Sayyid ‘Abdul Qadir Shahul Hamid al-Naguri

No meaningful discussion of the Singapore Nagore Dargah can take place without at least a cursory look at the life of the man in whose honour the building was erected. While many legends abound, we would like to focus on two aspects of his life relevant to modern Singapore.

The first is his spiritual inspiration to the Muslims, Hindus and people of other faiths in South India to rise up against the Portuguese colonialists[1]. By this, he shares the ideals of the founding fathers of Singapore who strove valiantly against the British.

It is the sterling example and precedent set by men like him that inspire Muslims to join forces with people of all faiths when it comes to the common good of humanity.

The second is the pluralism he espoused when dealing with people[2]. Whilst being a staunch Muslim, he exhibited great compassion and warmth to adherents of all religious denominations. In the process, he won the admiration and respect of non-Muslim Kings, poets, and sages.

It is the practical example of the Prophet and his spiritual heirs such as Sayyid Abdul Qadir that give Muslims models upon which they engage and conduct themselves as minority citizens.

Sayyid ‘Abdul Qadir and Singapore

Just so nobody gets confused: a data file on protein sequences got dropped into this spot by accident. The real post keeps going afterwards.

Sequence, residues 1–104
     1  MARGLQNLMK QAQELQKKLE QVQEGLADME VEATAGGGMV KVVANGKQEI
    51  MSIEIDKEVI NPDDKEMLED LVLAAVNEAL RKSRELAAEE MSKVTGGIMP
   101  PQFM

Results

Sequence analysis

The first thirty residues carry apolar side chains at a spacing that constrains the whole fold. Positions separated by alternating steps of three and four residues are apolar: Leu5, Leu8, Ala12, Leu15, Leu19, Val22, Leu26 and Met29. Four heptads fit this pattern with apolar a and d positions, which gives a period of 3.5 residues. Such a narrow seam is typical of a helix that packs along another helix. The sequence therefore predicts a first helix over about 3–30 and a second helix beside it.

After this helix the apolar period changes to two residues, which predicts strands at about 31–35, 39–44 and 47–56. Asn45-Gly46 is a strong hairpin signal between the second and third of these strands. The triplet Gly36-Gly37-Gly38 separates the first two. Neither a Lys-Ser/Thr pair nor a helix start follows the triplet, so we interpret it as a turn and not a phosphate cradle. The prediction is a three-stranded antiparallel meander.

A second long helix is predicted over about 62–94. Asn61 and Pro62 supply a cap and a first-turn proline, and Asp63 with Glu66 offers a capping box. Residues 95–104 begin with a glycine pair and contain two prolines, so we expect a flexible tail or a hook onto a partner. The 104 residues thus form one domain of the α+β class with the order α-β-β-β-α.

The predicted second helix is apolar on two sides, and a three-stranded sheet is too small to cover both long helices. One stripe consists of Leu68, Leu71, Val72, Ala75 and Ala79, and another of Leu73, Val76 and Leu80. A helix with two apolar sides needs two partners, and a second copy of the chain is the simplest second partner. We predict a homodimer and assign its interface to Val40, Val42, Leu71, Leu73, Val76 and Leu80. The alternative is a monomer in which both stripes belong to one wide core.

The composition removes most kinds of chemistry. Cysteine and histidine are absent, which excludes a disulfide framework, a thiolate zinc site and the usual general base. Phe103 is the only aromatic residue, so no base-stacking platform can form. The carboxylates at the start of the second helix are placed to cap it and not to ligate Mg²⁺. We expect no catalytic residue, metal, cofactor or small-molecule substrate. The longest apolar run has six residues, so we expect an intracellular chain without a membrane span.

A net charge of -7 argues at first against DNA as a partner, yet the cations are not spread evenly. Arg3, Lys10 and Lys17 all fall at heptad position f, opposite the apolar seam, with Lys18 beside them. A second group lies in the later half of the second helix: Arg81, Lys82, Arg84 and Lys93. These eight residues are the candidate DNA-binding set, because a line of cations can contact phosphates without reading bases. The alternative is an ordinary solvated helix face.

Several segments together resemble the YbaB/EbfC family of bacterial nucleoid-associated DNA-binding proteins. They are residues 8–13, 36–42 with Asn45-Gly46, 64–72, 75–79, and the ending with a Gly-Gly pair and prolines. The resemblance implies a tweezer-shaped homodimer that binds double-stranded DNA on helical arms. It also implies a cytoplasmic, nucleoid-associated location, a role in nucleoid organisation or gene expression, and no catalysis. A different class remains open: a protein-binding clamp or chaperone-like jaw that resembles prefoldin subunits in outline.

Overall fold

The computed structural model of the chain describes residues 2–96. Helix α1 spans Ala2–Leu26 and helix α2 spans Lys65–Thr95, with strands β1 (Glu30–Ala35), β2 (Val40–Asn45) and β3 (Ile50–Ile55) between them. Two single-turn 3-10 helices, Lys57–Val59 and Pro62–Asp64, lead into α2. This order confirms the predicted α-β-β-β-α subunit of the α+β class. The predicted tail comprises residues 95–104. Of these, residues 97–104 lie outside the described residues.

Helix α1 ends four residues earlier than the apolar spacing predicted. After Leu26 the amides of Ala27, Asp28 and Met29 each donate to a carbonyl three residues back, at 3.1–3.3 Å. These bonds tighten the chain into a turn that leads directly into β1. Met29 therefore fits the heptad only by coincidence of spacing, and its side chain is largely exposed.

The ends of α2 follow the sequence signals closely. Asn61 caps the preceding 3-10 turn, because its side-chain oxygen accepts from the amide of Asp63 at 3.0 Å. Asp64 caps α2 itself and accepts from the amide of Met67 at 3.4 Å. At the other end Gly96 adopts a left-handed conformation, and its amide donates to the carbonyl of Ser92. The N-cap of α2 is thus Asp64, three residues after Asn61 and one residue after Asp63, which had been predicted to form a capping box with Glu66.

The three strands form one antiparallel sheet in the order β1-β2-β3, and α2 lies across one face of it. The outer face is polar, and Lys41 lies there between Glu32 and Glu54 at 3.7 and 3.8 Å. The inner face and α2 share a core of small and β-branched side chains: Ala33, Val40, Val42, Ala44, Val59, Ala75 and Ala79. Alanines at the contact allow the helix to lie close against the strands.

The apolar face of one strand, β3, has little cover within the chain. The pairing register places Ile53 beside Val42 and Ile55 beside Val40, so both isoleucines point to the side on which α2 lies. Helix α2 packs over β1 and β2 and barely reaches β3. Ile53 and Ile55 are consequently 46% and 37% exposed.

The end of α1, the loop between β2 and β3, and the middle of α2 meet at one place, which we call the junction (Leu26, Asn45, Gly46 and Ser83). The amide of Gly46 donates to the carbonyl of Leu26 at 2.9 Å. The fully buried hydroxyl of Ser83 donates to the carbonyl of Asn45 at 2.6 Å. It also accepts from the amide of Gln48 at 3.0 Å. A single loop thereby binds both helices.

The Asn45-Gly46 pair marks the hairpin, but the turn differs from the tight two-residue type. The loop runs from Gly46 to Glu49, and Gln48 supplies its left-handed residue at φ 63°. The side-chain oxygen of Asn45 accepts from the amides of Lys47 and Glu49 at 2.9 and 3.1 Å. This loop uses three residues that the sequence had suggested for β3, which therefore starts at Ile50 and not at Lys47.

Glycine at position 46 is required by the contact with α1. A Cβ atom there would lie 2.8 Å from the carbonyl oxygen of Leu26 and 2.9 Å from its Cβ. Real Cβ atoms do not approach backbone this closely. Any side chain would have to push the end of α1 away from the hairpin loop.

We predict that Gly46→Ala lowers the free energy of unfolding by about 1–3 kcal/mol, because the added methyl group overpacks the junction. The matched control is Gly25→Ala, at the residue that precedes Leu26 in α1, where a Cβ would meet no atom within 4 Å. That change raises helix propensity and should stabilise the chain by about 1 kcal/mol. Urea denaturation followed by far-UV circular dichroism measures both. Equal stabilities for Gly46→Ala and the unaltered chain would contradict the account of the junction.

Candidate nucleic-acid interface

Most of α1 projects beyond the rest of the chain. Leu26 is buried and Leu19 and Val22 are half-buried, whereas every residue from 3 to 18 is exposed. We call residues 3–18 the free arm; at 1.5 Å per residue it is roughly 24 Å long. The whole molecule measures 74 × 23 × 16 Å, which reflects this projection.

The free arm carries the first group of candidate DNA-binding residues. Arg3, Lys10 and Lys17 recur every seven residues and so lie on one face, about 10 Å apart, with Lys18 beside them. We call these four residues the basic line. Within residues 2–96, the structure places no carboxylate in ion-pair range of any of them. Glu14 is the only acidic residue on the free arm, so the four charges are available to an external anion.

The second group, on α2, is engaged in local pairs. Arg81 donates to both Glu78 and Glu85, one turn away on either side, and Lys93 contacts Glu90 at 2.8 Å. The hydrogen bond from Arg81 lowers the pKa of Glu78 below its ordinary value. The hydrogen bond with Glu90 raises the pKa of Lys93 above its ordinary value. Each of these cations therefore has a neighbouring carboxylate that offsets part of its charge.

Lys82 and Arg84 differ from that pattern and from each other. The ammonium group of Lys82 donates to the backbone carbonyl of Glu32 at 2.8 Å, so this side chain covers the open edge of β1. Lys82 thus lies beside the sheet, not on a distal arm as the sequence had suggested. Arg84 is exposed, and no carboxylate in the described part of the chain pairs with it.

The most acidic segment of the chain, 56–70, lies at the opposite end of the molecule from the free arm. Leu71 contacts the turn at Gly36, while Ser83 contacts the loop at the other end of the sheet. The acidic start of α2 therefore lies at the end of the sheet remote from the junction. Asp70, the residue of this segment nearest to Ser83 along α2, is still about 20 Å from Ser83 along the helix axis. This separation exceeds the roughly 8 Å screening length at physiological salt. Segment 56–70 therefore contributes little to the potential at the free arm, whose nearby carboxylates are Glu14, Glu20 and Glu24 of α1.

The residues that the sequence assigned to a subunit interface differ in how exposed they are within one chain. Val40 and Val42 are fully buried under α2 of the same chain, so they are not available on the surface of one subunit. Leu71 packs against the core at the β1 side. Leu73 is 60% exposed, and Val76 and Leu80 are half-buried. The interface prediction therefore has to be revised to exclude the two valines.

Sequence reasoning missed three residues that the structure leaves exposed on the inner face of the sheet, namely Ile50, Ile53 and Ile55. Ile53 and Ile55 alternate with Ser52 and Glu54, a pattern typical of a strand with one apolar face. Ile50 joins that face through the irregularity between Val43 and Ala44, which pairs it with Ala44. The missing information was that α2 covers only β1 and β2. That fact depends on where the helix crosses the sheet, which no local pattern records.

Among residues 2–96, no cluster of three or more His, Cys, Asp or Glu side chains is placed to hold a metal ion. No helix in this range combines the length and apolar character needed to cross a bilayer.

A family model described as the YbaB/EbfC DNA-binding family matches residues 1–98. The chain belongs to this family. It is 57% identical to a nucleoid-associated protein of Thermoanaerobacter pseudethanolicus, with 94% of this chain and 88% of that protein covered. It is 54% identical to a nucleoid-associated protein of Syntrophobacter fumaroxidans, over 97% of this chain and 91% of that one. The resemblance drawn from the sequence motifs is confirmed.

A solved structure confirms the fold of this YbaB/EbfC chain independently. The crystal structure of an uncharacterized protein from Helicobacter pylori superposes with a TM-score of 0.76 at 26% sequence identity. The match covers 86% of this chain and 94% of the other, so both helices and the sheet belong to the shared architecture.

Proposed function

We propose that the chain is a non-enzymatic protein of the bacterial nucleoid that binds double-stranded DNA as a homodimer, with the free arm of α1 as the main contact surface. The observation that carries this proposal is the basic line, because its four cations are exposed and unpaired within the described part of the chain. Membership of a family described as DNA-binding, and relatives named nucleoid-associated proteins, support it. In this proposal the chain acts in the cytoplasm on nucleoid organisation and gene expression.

Though Sayyid ‘Abdul Qadir was an avid traveller, there is no record of him setting foot on the soil of historic Temasek. But he plays a poignant role in the spiritual genealogy and tradition of Muslims in 21st century Singapore.

While there are no official numbers to corroborate, it is known that a significant number of Singaporean Muslims (Arab, Chinese, Indian and Malay) adhere to the Qadiri path (الطريقة) in Islamic spirituality (التصوف). Sayyid ‘Abdul Qadir was an active proponent of this way.

It is for this reason that though the Singapore Nagore Dargah has traditionally been associated with the Indian Muslims, and especially the Tamils, it is a sacred space for all Muslims in Singapore. This is especially so for those who follow the spiritual tradition of Islam.


[1] Shu’ayb, T., 1993. Arabic, Arwi and Persian in Sarandib and Tamilnadu. Madras: Imamul ‘Arus Trust.

[2] Ali, H. and AbuThahir, A., 2008. The Saint of Nagore. Nellikuppam: Mumthaaj Publishers.


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